Large-scale farms had the biggest share of irrigated acres and water use in 2013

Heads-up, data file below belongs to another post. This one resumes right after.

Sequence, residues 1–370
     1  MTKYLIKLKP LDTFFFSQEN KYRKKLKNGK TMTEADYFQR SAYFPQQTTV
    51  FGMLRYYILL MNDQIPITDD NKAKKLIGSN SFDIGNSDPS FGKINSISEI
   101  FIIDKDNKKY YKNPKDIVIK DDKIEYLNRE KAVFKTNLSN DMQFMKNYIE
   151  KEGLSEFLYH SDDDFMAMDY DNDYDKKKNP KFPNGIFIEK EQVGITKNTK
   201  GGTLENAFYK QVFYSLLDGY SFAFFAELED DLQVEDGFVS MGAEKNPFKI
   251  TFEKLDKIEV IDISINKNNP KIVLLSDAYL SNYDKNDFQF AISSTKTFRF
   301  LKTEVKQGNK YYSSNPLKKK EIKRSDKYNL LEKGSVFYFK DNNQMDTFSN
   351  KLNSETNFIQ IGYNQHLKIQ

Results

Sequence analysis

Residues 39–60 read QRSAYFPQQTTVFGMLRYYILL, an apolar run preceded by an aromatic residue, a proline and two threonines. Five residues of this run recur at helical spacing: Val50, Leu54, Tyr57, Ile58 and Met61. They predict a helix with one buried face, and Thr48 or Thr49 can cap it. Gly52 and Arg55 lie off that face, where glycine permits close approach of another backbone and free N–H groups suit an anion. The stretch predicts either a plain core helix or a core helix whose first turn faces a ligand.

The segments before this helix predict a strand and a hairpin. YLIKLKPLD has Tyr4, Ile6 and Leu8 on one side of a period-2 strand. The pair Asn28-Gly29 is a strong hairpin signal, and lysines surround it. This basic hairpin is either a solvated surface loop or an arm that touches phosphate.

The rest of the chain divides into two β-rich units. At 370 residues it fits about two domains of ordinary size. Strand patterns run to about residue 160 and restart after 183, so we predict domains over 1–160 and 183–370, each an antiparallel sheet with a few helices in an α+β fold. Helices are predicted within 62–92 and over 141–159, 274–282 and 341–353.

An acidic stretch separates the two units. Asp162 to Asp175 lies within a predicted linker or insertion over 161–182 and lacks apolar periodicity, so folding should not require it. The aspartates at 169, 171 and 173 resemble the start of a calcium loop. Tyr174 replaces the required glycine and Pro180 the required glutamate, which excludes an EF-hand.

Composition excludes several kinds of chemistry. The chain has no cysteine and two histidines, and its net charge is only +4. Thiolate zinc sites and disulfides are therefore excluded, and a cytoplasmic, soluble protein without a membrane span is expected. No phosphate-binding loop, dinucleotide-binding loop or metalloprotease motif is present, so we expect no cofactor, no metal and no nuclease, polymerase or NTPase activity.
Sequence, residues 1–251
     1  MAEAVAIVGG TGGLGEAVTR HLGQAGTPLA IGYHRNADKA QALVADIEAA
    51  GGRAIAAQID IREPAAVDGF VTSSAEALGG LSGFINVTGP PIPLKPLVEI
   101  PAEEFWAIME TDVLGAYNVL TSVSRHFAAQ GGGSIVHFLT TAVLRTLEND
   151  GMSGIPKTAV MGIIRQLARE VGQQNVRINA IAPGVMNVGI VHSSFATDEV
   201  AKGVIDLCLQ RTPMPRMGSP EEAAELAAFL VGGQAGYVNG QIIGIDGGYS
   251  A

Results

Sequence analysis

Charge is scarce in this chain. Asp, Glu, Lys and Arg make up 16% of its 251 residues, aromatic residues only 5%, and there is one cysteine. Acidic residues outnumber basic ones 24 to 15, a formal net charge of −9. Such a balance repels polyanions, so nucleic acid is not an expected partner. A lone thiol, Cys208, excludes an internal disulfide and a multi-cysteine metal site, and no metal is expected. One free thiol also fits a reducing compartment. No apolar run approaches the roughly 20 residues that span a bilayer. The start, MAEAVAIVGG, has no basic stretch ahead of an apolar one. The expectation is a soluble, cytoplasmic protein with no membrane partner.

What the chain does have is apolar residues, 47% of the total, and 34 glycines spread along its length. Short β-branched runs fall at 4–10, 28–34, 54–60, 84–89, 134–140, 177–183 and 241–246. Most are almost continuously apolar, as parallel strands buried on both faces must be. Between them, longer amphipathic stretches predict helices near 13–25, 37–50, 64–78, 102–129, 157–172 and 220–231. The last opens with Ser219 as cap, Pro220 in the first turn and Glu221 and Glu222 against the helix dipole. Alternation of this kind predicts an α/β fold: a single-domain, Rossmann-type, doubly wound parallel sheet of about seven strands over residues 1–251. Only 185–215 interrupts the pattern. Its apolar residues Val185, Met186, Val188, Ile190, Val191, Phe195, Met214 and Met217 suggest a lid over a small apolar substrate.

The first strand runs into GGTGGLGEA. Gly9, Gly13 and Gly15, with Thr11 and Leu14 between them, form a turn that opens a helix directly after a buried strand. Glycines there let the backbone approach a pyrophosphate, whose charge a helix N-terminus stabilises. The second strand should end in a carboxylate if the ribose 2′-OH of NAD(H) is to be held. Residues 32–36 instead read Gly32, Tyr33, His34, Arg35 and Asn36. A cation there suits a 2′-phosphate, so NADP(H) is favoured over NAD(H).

The irrigation of agricultural land varies across farm sizes. Most irrigated farms in 2013 (about two-thirds) were low-sales operations with under $150,000 in annual gross cash farm income (GCFI). Low-sales farms that irrigate average less than 50 irrigated crop acres per farm—compared to 1,200 acres for large-scale irrigated farms with $1 million or more in GCFI. However, large-scale farms accounted for over half of irrigated acres, 60 percent of applied water, and 79 percent of the value of irrigated farm production. Large-scale farms dominate these characteristics because their size allows them to spread costs over many more acres (compared to other farms). For example, irrigation pumping costs for large-scale farms in the West generally average about half that for low-sales farms. In 2013, U.S. farms irrigated about 55.4 million acres and applied more than 88.5 million acre-feet (MAF) of water, equivalent to about 28.8 trillion gallons. The irrigation of cropland—which included crops like corn, wheat, and soybeans—accounted for nearly all the water use (98 percent). This chart appears in the June 2017 Amber Waves data feature, "Understanding Irrigated Agriculture."
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